January 11, 2009

CONLAMIC: How Will Hispanics Fare in Television Digital Switch?

WASHINGTON, DC –The National Coalition of Latino Clergy & Christian Leaders (CONLAMIC) sees it as vital to inform Latino’s nationwide about preparing for the upcoming switch from analog to digital television transmission. According to media research provider, Nielsen Company, 17.3% of Hispanic households are not digital ready compared to 8.8% of Whites making Hispanics the largest segment of the population that is unprepared for the switch. Nielsen reports that 99% of American households have television and 93% of households own at least 1 television that can receive a digital signal. So we ask, how much of an impact will this have on Hispanics when the transfer becomes effective?

CONLAMIC leaders worked with and through state and local pastors associations to coordinate dissemination of Spanish-language materials to churches to ensure its members are well informed.

"Upon first hearing of the switch from analog to digital transmission of television signals, we immediately took action. Television is a dominate factor in the way Latino’s receive information – not only news and entertainment, but health and education that is critical to the well-being of families," said Rev. Miguel Rivera, President of CONLAMIC.

Spanish media also played an important role in spreading the word to its audiences about the need to prepare for the upcoming switch. There is a concern that as many as 4.5 million could lose their TV transmission when the transfer becomes effective. A combination of media and grassroots outreach have been critical to effectively inform Hispanic households about this issue.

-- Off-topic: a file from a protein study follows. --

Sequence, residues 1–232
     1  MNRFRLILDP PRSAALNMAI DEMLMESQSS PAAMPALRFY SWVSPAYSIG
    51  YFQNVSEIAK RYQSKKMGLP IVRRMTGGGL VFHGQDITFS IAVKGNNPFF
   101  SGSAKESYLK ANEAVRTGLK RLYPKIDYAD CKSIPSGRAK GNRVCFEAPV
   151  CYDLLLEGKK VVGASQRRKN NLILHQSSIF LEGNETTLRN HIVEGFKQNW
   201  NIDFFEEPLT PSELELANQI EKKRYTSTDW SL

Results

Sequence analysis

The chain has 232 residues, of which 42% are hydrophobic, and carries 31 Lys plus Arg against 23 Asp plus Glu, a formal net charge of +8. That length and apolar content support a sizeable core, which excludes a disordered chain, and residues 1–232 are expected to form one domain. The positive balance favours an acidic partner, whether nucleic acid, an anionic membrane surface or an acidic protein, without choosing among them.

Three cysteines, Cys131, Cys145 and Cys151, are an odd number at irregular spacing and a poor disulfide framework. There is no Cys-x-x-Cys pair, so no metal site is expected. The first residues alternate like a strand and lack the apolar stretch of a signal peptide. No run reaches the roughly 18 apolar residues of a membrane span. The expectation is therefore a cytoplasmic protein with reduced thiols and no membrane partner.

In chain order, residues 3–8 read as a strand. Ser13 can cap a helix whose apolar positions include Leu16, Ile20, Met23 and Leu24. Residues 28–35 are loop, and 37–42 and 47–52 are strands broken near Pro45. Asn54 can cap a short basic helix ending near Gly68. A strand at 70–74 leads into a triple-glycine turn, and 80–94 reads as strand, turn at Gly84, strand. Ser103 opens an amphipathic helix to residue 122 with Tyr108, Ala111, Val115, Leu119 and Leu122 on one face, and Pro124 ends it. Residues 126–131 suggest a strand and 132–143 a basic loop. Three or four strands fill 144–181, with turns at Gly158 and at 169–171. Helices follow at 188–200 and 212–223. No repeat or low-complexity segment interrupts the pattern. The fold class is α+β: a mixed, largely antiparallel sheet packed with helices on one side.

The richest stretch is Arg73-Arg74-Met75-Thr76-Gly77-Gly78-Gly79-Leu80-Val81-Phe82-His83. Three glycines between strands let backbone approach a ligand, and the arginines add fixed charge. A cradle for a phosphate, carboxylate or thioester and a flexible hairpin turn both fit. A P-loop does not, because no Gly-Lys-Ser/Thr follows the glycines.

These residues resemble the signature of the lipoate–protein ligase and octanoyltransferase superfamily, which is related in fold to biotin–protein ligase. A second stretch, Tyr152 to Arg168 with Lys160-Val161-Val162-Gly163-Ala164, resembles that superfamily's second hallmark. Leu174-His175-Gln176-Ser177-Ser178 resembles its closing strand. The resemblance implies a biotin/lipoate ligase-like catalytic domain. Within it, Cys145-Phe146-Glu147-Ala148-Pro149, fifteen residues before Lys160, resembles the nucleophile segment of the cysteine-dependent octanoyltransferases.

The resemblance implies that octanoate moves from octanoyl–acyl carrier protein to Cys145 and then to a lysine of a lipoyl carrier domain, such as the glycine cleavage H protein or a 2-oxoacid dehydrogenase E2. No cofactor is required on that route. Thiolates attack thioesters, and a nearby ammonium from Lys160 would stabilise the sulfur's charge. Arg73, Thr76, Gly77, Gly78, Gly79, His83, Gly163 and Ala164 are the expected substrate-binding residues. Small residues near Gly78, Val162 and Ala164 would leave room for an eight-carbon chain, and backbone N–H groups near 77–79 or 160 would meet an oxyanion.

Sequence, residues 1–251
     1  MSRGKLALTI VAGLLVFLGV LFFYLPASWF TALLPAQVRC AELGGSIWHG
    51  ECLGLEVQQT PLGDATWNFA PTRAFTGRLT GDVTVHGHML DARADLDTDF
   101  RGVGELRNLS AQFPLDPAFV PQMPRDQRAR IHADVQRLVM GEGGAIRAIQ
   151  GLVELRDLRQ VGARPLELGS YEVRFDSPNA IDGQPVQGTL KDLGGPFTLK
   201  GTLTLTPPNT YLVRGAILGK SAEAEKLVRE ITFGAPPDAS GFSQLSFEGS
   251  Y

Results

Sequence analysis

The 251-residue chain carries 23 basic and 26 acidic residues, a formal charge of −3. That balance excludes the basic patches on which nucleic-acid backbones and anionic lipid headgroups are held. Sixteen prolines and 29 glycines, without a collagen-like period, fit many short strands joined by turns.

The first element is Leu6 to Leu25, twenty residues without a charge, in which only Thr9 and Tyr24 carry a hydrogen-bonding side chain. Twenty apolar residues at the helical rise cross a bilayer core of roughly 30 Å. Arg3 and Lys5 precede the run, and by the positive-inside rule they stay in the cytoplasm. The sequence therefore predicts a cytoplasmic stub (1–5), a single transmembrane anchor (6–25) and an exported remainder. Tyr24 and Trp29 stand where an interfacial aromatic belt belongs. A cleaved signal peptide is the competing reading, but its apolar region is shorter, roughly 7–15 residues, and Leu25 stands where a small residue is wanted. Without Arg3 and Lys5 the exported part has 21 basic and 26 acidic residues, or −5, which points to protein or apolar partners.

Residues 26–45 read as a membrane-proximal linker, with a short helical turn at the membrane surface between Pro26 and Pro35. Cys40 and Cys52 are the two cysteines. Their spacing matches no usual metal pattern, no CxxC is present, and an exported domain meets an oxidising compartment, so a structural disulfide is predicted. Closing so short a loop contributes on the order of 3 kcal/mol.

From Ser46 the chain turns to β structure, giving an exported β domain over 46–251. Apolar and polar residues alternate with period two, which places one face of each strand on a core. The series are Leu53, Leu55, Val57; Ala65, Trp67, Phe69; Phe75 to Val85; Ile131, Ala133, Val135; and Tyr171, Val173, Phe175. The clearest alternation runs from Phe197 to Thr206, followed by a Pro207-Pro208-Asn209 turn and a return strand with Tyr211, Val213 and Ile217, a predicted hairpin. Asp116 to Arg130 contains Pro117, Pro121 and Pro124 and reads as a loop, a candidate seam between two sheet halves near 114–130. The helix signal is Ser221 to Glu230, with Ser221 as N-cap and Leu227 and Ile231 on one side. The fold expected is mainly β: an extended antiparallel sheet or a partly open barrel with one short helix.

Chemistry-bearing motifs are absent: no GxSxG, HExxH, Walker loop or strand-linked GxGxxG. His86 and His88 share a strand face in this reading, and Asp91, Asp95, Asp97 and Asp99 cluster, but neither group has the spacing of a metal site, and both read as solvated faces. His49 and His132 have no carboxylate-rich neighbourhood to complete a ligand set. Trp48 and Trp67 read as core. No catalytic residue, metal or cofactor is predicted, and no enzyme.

“Continued education will ease this transition. We have encouraged pastors to share resource information, particularly for the older church members as they are likely to be the ones who will have the most trouble making the switch,” said Rev. Rivera.

The U.S. Hispanic population was been slower to catch on to new technologies, including the Internet, but now, according to a report by the Pew Hispanic Center, more than one in two Latino’s goes online and many of those who do not are connecting to the Internet via cell phone.

“The Latino community understands that technology plays a critical role in our daily lives. Although the upcoming change in television transmission may have an impact initially, Latino pastors and members of CONLAMIC are confident that our community will step up to support each other in making the transition to the digital age,” concluded Rev. Rivera.

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